With one word, Tiffany had said that I was not going into this thing alone. Sure, I had the title, for what little it was worth, but we would be doing the work together. To me, that is how a family is supposed to serve the Lord. It does not always work that way. I have seen some families where the man works in one ministry while the woman works in another. In other families, he serves in the ministry and she stays home with the kids. I think it would be better to remain single than to have a family that you only see when you pass each other in the halls at church. What would be the fun of having someone to talk to if you do not have anything in common?

[With the hours a pastor puts in, I understand he’s happy they work in the same ministry. I get what you’re saying, but be careful. Have him focus on the positive—the benefits of having his wife work at his side. Don’t say anything negative. Readers will often mistake your character’s opinions for your own. You seem to be saying that no one should get married if they aren’t going to work together. Like they can’t have anything in common outside of a job. In that case, they’ll dislike your character and you.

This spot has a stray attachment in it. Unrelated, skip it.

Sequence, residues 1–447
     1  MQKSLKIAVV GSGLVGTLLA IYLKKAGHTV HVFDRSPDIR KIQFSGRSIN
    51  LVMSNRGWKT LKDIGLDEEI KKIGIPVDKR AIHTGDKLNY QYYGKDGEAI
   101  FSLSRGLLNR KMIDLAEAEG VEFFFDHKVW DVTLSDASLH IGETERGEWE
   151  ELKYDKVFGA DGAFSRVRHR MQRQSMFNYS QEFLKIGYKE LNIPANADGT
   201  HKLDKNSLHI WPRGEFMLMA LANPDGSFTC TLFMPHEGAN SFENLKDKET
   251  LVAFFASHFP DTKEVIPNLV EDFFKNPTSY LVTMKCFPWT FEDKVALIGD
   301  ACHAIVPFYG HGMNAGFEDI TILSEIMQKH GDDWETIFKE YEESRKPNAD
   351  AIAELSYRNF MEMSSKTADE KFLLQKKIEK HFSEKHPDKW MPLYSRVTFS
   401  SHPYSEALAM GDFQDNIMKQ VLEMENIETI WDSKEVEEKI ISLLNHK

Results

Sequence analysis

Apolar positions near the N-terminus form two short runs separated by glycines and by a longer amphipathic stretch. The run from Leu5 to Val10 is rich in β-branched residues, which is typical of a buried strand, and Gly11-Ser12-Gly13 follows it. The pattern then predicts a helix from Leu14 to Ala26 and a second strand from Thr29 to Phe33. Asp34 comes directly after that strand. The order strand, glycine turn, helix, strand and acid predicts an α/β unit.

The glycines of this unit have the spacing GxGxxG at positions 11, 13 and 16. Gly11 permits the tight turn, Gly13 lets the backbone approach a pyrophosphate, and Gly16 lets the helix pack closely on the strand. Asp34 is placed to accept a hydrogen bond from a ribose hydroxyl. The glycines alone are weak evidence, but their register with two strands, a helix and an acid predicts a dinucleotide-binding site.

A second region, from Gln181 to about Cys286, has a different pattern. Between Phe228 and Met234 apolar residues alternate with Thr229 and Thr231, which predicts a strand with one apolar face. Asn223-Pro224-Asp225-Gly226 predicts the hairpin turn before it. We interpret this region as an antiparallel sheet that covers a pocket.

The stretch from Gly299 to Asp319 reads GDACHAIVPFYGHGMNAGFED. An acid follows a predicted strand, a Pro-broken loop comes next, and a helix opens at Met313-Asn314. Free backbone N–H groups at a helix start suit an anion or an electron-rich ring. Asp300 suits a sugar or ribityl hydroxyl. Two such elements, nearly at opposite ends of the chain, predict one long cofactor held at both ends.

Our youth pastor’s wife is a stay-at-home mom. She’s by his side working with the youth when she can, but her main responsibility is to her 3 kids, all under the age of 4.

I’m a writer. My husband does construction maintenance. He’s laid back. I tend to worry. What we have in common is deep faith and a sense of humor. (See, you managed to offend me, and I’m here to help! :o)]

“Yes, they are good kids, but I didn’t realize that there would be so many of them,” I said.

“These are only part of them. Maybe your predecessor wasn’t as bad as what some people seem to think.”